SALT - Tuesday, 24 Tevet 5780 - January 21, 2020

  • Rav David Silverberg
 
            The Torah tells in Parashat Vaera (8:8) that after the second plague that descended upon Egypt, the plague of frogs, Moshe “cried to the Lord regarding the matter of the frogs” – referring to Moshe’s promise to Pharaoh that he would end the plague the following day.  God accepted Moshe’s prayer, and the frogs died at the designated time.
 
            A number of commentators raised the question of why the Torah speaks of Moshe “crying” to God to end the plague – an expression not used in regard to the end of any other of the ten plagues.  Why specifically did this plague require Moshe to “cry” and beg God to kill the frogs?
 
            One possibility is offered by Seforno, who notes the Gemara’s comment (Sanhedrin 64a and elsewhere) that “half is not given from the heavens” – meaning, God generally does not normally grant a “partial” request.  Moshe wanted God to eliminate the frogs only partially – as he asked that the frogs in the river would remain (“rak ba-ye’or tisha’arna” – 8:7).  As God does not generally grant such precise requests, this request required an especially intense, impassioned prayer, and the Torah therefore describes Moshe as “crying” to God to eliminate the frogs.
 
            Siftei Chakhamim offers a different answer, explaining this term (“va-yitz’ak”) to mean that Moshe needed to raise his voice.  As the Shulchan Arukh rules (O.C. 101:2), it is proper when praying to recite the prayer audibly, such that one can hear the words (but not loudly).  During the plague of frogs, Siftei Chakhamim writes, the noise of the frogs croaking throughout Egypt was deafening, such that Moshe needed to shout so he could hear the words of his prayer.  For this reason, the Torah writes, “Va-yitz’ak Moshe” – that Moshe “shouted” to God.
 
            Rav Shraga Schneebalg, in his Shraga Ha-Meir (7:139), references Siftei Chakhamim’s comments in addressing the question of whether a hearing-impaired individual must pray loudly so he can hear the words.  The halakha in this case would appear to hinge on the conceptual question of whether the requirement is to actually hear one’s words, or to recite the words in a manner that is audible under normal conditions.  Siftei Chakhamim’s remarks regarding Moshe’s prayer might indicate that one must actually hear the words recited, such that Moshe needed to “shout” so he could hear his prayer over the din of the frogs’ croaking.  If so, then a hearing-impaired individual, too, might perhaps be required to pray loudly so he could hear the words he recites.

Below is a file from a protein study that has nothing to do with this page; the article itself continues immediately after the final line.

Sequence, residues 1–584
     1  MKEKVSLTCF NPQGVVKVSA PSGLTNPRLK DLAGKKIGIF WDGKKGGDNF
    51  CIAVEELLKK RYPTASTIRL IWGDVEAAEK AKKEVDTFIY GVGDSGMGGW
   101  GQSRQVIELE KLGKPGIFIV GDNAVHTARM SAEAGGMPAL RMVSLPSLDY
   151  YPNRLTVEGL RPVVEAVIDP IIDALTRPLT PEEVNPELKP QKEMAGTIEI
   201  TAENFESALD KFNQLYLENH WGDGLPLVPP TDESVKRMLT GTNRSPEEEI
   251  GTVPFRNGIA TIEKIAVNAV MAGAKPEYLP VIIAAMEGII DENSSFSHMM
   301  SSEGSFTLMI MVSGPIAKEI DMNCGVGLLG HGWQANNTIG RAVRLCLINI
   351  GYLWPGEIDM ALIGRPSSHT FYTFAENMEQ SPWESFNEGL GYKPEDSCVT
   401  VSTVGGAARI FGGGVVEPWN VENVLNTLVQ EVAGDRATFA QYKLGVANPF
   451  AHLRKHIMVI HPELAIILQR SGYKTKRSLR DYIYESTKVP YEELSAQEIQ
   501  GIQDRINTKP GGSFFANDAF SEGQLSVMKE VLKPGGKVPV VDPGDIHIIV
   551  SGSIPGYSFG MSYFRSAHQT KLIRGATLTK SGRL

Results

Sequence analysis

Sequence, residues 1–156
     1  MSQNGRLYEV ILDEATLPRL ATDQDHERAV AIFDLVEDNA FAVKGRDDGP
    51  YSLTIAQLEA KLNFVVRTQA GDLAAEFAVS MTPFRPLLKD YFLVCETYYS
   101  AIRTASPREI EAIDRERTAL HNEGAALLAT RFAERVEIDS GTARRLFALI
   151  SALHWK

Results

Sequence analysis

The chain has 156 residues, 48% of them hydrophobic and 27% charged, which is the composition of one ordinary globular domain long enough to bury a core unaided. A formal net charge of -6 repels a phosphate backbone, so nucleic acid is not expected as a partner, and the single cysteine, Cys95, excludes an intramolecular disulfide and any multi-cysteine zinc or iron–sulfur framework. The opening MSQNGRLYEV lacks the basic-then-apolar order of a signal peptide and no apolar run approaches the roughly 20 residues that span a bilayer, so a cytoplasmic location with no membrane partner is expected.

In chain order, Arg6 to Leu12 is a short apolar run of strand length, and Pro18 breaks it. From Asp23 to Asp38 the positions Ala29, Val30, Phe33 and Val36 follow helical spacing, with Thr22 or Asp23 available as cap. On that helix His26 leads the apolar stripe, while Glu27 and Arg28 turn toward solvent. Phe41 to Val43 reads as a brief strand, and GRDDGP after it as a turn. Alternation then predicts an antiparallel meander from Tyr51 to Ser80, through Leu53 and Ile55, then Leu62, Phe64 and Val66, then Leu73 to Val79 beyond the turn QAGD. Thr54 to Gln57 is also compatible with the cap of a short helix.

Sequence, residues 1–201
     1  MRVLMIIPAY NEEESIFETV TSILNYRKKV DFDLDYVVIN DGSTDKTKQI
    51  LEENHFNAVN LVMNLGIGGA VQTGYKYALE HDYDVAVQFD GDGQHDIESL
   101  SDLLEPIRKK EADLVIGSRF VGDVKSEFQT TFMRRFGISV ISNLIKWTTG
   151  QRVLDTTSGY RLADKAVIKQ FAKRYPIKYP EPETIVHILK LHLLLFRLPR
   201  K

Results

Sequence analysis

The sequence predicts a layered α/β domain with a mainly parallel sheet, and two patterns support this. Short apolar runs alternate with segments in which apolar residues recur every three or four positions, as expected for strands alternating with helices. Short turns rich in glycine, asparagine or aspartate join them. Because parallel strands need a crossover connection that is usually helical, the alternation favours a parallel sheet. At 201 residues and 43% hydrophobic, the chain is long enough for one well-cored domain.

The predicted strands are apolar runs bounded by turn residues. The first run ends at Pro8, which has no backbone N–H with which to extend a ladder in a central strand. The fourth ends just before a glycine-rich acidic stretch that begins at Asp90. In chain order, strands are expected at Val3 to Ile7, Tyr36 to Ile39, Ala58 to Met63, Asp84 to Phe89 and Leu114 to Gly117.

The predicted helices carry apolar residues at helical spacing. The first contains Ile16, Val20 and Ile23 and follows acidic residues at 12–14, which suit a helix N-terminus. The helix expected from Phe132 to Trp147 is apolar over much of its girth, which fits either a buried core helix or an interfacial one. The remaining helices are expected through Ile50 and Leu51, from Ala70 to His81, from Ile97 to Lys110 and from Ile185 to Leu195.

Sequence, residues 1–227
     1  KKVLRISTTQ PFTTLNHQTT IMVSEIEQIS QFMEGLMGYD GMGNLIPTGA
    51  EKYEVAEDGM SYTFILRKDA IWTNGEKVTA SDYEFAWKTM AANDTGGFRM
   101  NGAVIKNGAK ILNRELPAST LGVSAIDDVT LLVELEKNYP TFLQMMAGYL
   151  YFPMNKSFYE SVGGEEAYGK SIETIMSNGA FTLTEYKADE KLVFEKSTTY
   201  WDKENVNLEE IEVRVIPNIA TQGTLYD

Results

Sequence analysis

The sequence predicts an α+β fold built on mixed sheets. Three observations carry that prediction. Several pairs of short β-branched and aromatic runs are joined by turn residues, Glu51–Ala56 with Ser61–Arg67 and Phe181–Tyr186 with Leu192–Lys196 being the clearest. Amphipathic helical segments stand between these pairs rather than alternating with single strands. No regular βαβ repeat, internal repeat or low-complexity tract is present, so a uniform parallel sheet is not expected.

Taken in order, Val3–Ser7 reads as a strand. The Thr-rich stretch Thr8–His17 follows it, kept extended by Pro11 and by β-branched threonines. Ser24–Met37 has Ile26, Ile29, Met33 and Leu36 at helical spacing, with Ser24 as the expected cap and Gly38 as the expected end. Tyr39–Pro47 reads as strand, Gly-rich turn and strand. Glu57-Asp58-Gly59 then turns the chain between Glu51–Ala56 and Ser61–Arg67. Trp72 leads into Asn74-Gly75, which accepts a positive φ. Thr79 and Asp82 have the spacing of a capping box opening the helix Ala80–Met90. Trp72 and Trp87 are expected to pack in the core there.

However, Rav Schneebalg refutes this proof, noting that other explanations exist for the Torah’s description of Moshe’s prayer to end the plague of frogs.  Beyond the other suggestions offered by the commentators, Rav Schneebalg proposes that Moshe needed to “shout” so his voice would be heard over the ruckus of the frogs in order to make it clear that his prayer is what brought an end to the plague.  As the purpose of the plagues was to demonstrate God’s unlimited power, it was necessary for Moshe to publicize his prayer, to show that the plague was ended by the Almighty, and not by any other force.
 
            As for the final halakha, Rav Schneebalg rules that since the Shulchan Arukh writes explicitly that one may not raise his voice when praying, and that one who does not hear his prayer nevertheless fulfills his requirement, an individual with hearing impairment should not pray loudly, and should instead pray quietly without hearing the recitation.  When it comes to the recitation of Shema, however, which also is to be recited audibly (Shulchan Arukh, O.C. 62:3), one should recite the text loudly enough that he can hear it.  (Rav Asher Anshel Schwartz, in Ma’adanei Asher, Parashat Vaera, 5779, cites those who disagree, and require even for prayer reciting the text loudly enough to hear the words, even if one has a hearing impairment or is praying in a place with background noise.)